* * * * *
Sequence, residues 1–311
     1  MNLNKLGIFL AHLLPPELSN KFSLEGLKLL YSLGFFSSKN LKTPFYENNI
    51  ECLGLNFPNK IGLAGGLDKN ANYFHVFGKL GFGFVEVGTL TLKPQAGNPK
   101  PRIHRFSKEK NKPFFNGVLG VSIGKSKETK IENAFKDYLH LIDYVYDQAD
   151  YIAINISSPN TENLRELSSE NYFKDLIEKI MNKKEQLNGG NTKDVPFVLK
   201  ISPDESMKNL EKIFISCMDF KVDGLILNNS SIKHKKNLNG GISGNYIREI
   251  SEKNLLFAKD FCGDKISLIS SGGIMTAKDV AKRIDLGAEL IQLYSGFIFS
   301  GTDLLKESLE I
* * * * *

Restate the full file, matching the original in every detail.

Sequence, residues 1–311
     1  MNLNKLGIFL AHLLPPELSN KFSLEGLKLL YSLGFFSSKN LKTPFYENNI
    51  ECLGLNFPNK IGLAGGLDKN ANYFHVFGKL GFGFVEVGTL TLKPQAGNPK
   101  PRIHRFSKEK NKPFFNGVLG VSIGKSKETK IENAFKDYLH LIDYVYDQAD
   151  YIAINISSPN TENLRELSSE NYFKDLIEKI MNKKEQLNGG NTKDVPFVLK
   201  ISPDESMKNL EKIFISCMDF KVDGLILNNS SIKHKKNLNG GISGNYIREI
   251  SEKNLLFAKD FCGDKISLIS SGGIMTAKDV AKRIDLGAEL IQLYSGFIFS
   301  GTDLLKESLE I